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Explain the changes made by the author during the drafting of his poem. Vergissmeinnicht by Keith Douglas.

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Introduction

Explain the changes made by the author during the drafting of his poem. Vergissmeinnicht is one of the most famous works of Keith Douglas, an acclaimed poet of the Second World War. It is a poem that examines the human tragedy of armed combat, and the sadness for those left behind by soldiers going to war. The poem focuses on Douglas's discovery of a photograph belonging to a dead gunner. It is a picture of the man's girlfriend, inscribed with the phrase 'Do not forget me'. By looking at the early drafts of the poem, we can gain some insight into the creative process that led Douglas to his final draft - and also observe ideas and elements that were discarded or changed as the poem took shape. The earliest known version of Vergissmeinnicht is A Dead Gunner, which was found heavily cancelled in the back of Douglas's own copy of his book Selected Poems. Another version of the poem, The Lover, is very similar to the finished work but has a different emphasis. This first draft of the poem, A Dead Gunner, sees Douglas attempting to relay his story without fully considering on what aspects he should focus; the inscription on the photograph, which is the entire foundation of the final work, is given no special attention here... and the plight of the dead soldier is somewhat eclipsed by the detailed narrative prologue. ...read more.

Middle

The title itself is lifted from the end of the last stanza, which ruminates on the conflict of 'killer' and 'lover' within a soldier. By retitling his poem in this way, Douglas intends to focus the reader on the tragic loss of the person behind the soldier - an intention that he also demonstrates through a new emphasis on the inscribed photograph. The opening narrative, originally resplendant with detail of the chaos inside the author's tank and the death of his comrade, is here muted and simplified, although not condensed. All the important information contained within the original opening - the timeframe of the poem, the flight of the enemy, the investigation of the enemy camp and the discovery of the dead soldier - is summed up in the first stanza: 'Three weeks gone and the combatants gone, returning over the nightmare ground we found the place again, and found the soldier sprawling in the sun.' Very little has actually been discarded here, but the author has made the enemy soldier central to the poem, and rewritten the narrative to make his involvement more prominent. This is made clearer in the second stanza, which describes the battle that resulted in the death of the author's friends and the damage to his tank. The sequence loses it's original horror by taking the form of a recollection - 'The frowning barrel of his gun overshadows him - as we came on that day, he hit my tank with one, it was like the entry of a demon.' ...read more.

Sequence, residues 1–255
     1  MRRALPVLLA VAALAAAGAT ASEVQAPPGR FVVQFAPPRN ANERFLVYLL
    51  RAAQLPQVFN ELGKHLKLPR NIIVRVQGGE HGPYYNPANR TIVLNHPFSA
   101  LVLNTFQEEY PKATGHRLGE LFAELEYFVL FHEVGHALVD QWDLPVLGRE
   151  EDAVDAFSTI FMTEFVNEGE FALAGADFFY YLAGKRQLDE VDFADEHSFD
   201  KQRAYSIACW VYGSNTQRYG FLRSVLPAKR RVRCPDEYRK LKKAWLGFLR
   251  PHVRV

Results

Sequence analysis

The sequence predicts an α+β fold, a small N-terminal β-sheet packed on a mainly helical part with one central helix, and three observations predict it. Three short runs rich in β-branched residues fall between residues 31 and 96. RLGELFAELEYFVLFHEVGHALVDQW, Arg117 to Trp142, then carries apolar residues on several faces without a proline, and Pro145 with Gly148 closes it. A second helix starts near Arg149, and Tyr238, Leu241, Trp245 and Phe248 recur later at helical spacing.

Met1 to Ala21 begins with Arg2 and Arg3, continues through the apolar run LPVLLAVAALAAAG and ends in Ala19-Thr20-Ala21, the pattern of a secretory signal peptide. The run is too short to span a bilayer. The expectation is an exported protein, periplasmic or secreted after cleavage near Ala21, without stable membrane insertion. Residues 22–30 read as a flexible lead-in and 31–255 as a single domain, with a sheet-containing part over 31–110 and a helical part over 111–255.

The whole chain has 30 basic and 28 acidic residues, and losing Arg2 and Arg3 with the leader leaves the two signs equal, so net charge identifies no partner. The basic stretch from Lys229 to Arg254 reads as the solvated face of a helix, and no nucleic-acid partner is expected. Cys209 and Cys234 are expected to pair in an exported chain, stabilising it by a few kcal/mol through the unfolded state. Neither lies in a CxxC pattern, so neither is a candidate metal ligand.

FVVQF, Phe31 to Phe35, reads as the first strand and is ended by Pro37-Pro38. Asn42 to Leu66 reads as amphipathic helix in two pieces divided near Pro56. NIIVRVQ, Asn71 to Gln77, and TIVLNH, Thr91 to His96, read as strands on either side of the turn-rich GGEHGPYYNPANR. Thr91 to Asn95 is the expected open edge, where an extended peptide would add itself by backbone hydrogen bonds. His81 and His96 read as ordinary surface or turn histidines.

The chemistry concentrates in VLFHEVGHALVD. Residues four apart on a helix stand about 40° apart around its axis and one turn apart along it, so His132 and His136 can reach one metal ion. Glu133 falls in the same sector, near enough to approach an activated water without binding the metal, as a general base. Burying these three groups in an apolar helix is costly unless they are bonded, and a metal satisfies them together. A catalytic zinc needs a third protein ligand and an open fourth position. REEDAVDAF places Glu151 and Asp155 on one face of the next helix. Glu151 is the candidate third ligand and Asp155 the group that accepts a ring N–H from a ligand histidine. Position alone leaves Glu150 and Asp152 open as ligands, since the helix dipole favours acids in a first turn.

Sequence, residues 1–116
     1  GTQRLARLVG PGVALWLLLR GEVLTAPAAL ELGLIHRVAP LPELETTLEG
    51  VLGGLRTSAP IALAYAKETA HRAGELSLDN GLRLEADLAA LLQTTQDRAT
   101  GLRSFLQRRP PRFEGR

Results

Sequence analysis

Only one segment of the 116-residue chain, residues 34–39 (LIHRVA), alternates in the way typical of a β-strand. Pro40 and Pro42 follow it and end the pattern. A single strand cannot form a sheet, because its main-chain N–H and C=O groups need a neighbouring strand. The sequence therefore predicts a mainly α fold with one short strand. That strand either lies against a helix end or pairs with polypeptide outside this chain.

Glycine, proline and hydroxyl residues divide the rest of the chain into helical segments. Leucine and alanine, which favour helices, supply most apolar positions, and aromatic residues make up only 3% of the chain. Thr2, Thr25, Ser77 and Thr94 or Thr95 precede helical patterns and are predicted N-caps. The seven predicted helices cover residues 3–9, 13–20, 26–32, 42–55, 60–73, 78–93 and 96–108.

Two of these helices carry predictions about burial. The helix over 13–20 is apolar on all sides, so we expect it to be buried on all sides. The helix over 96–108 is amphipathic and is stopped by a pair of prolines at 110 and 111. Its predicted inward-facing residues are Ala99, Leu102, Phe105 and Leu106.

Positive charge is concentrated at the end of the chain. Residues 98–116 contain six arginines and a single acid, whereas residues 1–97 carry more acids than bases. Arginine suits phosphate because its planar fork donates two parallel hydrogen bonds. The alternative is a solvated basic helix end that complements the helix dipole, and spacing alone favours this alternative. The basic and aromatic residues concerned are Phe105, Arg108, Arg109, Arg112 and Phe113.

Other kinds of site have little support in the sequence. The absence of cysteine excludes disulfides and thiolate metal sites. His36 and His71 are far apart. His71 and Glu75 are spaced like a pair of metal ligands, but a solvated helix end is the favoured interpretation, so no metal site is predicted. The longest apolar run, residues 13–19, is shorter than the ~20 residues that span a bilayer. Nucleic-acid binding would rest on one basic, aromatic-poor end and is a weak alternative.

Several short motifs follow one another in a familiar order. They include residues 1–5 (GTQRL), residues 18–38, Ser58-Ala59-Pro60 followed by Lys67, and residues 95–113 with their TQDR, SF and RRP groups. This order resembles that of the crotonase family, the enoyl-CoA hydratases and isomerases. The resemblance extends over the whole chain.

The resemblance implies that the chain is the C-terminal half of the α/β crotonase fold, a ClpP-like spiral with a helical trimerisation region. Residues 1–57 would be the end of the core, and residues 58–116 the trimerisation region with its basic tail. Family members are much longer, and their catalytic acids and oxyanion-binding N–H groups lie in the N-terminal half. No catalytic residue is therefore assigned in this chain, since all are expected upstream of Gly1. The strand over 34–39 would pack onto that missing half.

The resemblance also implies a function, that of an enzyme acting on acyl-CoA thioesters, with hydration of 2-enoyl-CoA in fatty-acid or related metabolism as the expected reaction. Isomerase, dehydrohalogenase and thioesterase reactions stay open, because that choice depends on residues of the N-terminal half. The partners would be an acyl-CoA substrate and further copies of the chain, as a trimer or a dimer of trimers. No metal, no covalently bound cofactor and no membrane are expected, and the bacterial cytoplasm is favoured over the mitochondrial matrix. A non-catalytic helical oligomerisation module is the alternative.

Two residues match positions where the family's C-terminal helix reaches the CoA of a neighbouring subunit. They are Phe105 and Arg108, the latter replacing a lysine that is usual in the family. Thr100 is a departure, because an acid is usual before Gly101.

Conclusion

A final, sentimental touch is the addition of the full inscription of the photograph: 'My mouth is silent, but my eyes speak And what they say is this - Do not forget me'. Perhaps the author reasoned that the reader would be most affected by the genuine message on the real photograph. However, it remains an unnecessary endnote that adds nothing to the effect of the poem. Vergissmeinnicht, the final draft of the poem, communicates the tragedy of the events it describes in the coldest, most direct and concise way possible - changing phrases such as 'overshadows him' to 'overshadowing', and eliminating punctuative commas, in order to command the reader's attention and avoid sanitising the raw power of the elegy. To this end, the full inscription of the photograph is also removed, and the brief summary in the poem itself is rendered in italics, to give it a realistic personal touch and make it stand out prominently from the surrounding text. The most important change to the final poem was the title. A Dead Gunner was specific, The Lover was isolative, but Vergissmeinnicht speaks for both the lover and the killer - the poem had, by the final draft, shifted from muddled personal ode to universal comment on the casualties of war: this could be anyone's girlfriend, anyone's picture, and with it's shift to titular status the phrase 'do not forget me' grows in significance - it applies equally to the fallen soldiers. The author suggests that we must not forget them. Vergissmeinnicht ...read more.

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